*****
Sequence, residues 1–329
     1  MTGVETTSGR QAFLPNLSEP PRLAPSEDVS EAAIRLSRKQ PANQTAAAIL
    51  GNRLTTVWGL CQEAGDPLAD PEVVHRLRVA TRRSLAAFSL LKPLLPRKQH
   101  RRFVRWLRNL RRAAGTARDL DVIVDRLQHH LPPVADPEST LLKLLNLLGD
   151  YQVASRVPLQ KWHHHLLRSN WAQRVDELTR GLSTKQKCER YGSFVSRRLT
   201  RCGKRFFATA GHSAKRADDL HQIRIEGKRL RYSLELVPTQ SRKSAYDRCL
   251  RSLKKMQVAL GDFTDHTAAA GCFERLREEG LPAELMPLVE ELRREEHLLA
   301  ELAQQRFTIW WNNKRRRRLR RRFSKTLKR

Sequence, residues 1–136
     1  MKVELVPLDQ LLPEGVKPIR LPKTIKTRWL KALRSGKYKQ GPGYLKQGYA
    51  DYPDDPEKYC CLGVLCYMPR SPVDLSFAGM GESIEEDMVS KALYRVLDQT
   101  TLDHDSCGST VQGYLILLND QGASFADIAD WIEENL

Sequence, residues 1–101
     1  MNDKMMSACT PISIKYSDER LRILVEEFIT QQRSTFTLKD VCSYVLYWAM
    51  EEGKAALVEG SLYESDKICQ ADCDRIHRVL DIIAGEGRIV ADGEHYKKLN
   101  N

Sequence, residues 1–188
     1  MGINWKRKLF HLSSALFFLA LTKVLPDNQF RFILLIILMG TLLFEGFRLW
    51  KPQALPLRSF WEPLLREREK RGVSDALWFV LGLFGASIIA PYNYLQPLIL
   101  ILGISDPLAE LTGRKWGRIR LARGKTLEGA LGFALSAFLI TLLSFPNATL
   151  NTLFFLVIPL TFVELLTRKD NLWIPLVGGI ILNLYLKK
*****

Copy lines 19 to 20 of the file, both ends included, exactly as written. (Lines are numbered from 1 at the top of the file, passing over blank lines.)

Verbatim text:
    51  KPQALPLRSF WEPLLREREK RGVSDALWFV LGLFGASIIA PYNYLQPLIL
   101  ILGISDPLAE LTGRKWGRIR LARGKTLEGA LGFALSAFLI TLLSFPNATL